Brexit is costing the British government 500m pounds a week, according to a new report published on September 30 by the Centre for European Reform, a research group that focuses on the European Union. It said the British economy is about 2.5% smaller than it would have been if the public have voted to remain in the bloc in June 2016.
Its findings were based on the impact on the economy until the end of June 2018.
As reported by the Reuters news agency, public finances have been dented by 26bn pounds a year, the equivalent of 500m pounds a week and a figure that is growing, the group said here.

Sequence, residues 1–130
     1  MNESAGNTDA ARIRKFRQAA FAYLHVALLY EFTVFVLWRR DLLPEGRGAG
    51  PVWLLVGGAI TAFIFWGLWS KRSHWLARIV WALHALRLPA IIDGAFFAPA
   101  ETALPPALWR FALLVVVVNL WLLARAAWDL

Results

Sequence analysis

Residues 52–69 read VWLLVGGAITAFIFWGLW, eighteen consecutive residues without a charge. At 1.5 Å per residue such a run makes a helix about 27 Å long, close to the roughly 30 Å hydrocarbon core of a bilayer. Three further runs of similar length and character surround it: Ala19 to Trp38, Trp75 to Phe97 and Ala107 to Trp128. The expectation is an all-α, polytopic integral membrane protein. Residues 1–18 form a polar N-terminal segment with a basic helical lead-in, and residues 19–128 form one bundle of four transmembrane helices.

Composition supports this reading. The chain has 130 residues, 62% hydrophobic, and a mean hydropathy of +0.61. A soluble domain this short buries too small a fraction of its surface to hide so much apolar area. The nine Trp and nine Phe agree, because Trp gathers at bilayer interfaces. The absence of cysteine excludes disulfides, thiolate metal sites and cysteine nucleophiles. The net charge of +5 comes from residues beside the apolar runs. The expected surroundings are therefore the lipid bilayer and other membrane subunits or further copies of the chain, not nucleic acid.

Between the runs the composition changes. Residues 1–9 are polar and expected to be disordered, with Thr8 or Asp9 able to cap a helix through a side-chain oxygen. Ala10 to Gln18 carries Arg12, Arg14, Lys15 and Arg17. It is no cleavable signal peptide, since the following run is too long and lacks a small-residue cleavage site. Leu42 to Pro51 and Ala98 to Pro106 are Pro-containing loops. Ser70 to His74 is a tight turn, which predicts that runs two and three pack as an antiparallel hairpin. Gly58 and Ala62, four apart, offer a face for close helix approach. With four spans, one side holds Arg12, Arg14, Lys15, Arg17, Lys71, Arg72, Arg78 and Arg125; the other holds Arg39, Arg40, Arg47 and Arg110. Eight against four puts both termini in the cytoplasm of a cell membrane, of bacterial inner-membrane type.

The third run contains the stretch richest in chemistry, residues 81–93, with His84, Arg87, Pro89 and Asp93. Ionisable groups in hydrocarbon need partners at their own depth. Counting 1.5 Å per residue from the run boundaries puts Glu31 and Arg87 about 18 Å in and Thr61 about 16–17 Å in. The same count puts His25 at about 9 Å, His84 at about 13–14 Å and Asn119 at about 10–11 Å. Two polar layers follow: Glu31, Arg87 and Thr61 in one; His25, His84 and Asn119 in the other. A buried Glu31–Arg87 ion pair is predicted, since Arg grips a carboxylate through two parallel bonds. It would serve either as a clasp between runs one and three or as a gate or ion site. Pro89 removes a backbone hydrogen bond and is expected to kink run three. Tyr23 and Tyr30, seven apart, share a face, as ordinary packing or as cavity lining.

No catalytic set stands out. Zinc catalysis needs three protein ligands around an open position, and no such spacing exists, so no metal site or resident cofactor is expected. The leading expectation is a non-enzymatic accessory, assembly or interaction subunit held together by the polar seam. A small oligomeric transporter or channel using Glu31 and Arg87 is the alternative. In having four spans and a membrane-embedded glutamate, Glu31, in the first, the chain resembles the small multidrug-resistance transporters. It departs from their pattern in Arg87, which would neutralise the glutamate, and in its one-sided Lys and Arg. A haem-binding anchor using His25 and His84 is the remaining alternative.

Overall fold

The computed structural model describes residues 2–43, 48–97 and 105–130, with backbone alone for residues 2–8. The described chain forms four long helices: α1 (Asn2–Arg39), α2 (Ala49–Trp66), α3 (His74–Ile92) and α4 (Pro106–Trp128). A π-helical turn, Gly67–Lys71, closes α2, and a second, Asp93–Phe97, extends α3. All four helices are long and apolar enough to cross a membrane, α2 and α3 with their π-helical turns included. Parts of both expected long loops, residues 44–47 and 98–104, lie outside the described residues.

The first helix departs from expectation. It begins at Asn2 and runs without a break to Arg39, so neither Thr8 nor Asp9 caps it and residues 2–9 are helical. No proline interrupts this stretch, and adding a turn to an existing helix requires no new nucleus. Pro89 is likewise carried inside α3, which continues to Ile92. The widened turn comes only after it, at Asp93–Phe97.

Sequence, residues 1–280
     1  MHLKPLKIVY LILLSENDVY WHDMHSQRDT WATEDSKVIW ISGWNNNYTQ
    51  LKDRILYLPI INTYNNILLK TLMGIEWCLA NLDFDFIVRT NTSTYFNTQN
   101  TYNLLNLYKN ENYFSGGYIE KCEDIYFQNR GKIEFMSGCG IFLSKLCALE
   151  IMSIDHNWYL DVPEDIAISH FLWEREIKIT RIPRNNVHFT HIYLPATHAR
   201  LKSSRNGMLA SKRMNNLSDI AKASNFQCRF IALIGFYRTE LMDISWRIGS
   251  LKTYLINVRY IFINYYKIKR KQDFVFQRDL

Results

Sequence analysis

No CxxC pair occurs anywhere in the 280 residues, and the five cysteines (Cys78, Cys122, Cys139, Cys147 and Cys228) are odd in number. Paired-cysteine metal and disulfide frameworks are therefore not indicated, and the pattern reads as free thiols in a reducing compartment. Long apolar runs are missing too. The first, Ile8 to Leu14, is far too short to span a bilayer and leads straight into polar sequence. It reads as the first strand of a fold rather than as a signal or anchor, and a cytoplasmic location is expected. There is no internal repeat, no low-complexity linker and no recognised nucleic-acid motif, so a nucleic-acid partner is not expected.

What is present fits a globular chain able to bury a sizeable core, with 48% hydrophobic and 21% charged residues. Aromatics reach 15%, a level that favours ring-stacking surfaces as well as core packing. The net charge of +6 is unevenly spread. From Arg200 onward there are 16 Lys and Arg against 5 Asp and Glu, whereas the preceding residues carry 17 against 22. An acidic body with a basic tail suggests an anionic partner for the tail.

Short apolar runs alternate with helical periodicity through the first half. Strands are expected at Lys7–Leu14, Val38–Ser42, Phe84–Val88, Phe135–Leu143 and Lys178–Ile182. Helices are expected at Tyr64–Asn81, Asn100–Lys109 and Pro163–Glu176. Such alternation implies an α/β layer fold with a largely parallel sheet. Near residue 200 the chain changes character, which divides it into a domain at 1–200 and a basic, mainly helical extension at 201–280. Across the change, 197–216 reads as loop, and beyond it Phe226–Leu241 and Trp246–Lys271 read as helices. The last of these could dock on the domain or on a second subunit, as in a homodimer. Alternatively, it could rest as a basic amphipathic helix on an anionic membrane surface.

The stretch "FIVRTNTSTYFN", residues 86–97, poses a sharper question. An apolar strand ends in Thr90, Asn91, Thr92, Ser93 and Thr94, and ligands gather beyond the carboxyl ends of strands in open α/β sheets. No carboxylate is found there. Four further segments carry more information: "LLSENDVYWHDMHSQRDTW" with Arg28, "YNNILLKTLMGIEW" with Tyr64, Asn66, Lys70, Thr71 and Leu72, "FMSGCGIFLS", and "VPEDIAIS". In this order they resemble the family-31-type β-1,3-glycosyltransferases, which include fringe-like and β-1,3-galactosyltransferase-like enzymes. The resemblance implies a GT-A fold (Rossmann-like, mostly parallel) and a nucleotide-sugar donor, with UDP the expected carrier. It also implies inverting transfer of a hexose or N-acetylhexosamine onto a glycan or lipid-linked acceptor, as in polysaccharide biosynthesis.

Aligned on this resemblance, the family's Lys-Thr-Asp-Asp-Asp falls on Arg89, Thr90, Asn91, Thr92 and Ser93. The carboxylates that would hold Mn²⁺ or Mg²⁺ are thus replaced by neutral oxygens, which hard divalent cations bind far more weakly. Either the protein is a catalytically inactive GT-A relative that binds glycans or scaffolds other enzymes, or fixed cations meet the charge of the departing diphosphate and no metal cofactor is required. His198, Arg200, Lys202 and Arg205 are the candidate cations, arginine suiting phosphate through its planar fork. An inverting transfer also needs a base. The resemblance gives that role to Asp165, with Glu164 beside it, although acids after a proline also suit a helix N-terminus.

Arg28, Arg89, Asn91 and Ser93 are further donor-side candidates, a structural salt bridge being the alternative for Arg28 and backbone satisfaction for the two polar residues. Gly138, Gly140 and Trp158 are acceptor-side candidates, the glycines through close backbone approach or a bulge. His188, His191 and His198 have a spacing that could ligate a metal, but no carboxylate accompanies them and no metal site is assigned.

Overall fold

The Centre for European Reform, which describes itself as “pro-European but not uncritical”, said it created a model of how Britain’s economy could have performed had the campaign to remain in the EU won the referendum in 2016.
The group said its analysis was based on 22 advanced economies whose characteristics closely matched Britain and that did not vote to leave the EU. They then compared it with Britain’s actual economic performance since the vote.
At the time of the Brexit referendum in 2016, supporters of leaving the EU claimed that Britain would benefit because it would no longer be sending 350m pounds a week to the bloc. Supporters also say the EU will benefit over the long-term by setting its own rules and forging its own trade deals with countries like India and China.